Tuesday, June 03, 2008

What if... Brown won the 1994 Labour leadership election?

Now Gordon Brown has categorically shown that he has been a disaster for the Labour party and now he is the least popular Labour leader since... well, ever, we can all wallow in some good, old-fashioned politician slating. I've no intention of stopping bashing at Brown any time soon - Brown is a deeply unpleasant personality who deserves all the flak currently being thrown at him.

But it is tempting to look at Brown - a man who has completely compromised and shafted himself after less than a year in the role - and wonder whether it had to be this way for his time as Prime Minister. Brown had the chance to win an election at the end of last year - he didn't take it. Brown had the chance to force Blair from power a year before Blair actually stepped down - Brown didn't take it. And Brown could have run for Labour leader in 1994 - he didn't do it.

And it is the latter idea that has struck a chord with me. What would have happened if Brown had run in 1994 - and what would have happened if Brown had won the Labour leadership?

It is a conversation I had a few months back with the Moai - his verdict was this:
Brown comes to power, leads attacks on Major
BUT a few public gaffes reinforce to Labour that they still haven't got the right man
Labour lose very narrowly to Tories in '97, close to hung parliament; Brown turfed out, Blair/AN Other elected
Tories totally implode
Blair comes to power in 2001
My thoughts on what would have happened are similar - with one key difference. I think Brown would have won in 1997 - God knows, the Tories were so compromised then that even Kinnock could have taken them down. But I think Brown's majority would have been far, far smaller than Blair's - possibly between 40 and 60. Then, events like the Petrol Crisis and the Foot and Mouth outbreak - combined with the natural personality of Gordon that we have all come to know and hate - would quickly have undermined Brown's time in Number 10. Plus, the Tories (under Hague or perhaps Portillo - the result would have been far closer, meaning Michael may have been able to keep his seat) would not have been a humiliated rump of a party in Brown's parliament, and could have provided an effective opposition. And come the 2001 (or, given Brown's fear of elections, 2002), I reckon the Tories would have been back in power. And given his lacklustre performance as PM, Brown would have been retired to the backbenches...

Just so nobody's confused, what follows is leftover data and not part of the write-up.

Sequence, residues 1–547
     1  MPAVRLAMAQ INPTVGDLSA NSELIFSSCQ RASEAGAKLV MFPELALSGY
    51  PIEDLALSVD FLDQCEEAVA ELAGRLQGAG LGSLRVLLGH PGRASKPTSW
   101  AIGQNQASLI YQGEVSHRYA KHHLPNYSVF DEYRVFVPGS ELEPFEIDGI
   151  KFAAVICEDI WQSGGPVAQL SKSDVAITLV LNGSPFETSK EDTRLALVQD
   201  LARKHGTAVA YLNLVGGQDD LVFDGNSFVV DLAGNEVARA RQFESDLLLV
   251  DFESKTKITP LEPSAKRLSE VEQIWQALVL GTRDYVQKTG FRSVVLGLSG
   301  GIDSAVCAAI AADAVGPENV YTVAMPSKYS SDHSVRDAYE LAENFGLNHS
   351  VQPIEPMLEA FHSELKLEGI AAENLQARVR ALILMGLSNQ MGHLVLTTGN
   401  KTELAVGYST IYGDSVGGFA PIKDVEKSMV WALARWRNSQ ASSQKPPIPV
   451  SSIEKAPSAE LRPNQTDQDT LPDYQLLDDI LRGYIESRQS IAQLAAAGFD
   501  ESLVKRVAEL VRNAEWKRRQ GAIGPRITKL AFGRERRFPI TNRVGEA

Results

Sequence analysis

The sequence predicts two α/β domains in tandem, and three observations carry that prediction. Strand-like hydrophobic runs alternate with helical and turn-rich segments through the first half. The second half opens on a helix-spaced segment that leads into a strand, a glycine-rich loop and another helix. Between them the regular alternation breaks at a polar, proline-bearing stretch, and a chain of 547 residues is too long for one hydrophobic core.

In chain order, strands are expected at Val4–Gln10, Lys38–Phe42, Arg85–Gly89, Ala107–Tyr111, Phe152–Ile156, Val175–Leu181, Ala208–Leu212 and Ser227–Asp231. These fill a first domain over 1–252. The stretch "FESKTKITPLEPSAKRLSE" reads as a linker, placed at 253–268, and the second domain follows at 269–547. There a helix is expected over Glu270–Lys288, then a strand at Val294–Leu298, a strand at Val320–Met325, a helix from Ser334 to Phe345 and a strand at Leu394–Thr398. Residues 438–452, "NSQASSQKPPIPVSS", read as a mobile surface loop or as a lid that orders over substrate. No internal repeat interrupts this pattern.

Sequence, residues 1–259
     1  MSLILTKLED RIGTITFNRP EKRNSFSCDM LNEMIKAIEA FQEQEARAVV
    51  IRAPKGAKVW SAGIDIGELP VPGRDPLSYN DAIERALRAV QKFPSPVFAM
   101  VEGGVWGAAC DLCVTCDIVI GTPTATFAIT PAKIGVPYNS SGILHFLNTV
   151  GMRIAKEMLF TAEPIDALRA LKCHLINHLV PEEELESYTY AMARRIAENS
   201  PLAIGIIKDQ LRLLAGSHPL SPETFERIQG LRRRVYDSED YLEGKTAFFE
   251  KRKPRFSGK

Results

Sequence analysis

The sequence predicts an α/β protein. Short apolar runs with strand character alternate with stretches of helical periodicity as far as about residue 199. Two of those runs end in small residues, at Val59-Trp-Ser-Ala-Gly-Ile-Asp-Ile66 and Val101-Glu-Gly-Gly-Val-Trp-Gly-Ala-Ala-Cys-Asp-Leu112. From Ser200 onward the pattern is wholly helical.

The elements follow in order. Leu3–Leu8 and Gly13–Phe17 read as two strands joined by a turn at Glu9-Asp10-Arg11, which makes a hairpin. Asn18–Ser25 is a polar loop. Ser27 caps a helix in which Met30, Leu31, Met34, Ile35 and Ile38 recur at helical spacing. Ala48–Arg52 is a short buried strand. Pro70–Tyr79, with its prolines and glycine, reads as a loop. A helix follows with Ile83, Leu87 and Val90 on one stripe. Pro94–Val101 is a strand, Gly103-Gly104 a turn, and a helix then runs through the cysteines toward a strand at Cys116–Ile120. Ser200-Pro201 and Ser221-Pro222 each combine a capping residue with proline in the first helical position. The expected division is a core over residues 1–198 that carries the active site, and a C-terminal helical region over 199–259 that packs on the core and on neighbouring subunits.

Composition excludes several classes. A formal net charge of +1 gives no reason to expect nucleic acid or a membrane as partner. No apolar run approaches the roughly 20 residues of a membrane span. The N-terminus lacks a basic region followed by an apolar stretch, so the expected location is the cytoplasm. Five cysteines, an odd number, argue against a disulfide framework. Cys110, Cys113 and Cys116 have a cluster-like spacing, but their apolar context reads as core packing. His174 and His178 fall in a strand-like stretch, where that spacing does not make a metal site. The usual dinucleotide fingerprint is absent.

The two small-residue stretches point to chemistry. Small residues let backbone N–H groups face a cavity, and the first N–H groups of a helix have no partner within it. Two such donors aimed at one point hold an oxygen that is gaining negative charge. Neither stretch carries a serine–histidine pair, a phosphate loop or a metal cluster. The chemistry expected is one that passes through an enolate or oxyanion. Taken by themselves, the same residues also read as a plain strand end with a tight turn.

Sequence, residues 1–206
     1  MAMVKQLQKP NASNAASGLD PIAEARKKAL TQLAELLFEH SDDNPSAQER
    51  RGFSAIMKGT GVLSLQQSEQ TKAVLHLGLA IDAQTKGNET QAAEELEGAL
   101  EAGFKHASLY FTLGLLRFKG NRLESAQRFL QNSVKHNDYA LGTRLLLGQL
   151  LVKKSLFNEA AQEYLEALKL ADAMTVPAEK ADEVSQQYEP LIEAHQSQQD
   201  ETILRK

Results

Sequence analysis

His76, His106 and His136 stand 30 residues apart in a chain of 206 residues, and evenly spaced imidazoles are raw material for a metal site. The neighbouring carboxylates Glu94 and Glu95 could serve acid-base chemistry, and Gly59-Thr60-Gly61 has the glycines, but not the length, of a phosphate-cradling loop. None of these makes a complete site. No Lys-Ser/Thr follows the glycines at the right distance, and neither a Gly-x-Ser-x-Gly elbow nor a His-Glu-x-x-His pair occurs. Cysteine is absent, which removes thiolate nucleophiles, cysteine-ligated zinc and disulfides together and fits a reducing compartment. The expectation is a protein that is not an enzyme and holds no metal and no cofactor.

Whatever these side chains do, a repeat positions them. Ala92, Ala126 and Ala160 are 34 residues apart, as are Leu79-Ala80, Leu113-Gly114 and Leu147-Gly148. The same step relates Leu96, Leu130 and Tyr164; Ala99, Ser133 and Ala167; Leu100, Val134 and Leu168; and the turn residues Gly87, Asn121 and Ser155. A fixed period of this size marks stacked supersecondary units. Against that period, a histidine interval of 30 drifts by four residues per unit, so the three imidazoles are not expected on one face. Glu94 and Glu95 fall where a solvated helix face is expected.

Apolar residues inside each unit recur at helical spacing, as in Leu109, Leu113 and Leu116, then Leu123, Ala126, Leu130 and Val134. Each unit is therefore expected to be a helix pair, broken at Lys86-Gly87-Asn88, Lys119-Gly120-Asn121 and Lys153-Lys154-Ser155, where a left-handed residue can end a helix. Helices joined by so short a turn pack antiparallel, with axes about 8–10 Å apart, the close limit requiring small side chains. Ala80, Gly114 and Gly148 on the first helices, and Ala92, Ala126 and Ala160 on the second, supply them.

There will be lots of these counter factuals, when Brown is finally turfed out of Number 10. Hundreds of "what if" scenarios, all playing out slightly different permutations of what might have happened if Brown had been braver, or acted differently. Some will probably be able to dream up a happy ending for Brown - how realistic that happy ending is, given Brown's natural lack of charm and ability, is open for question. But ultimately all counterfactuals are pointless, because what is happening right now is what actually happened. Brown was always going to wait for too long before becoming PM, because he is a coward. And he was always going to screw it all up when he got into power, because he is incapable.

Alternative histories be damned - the real history has spoken, and has made itself heard. Brown should never have become Prime Minsiter, and his experiences and actions in the role simply reinforce this.

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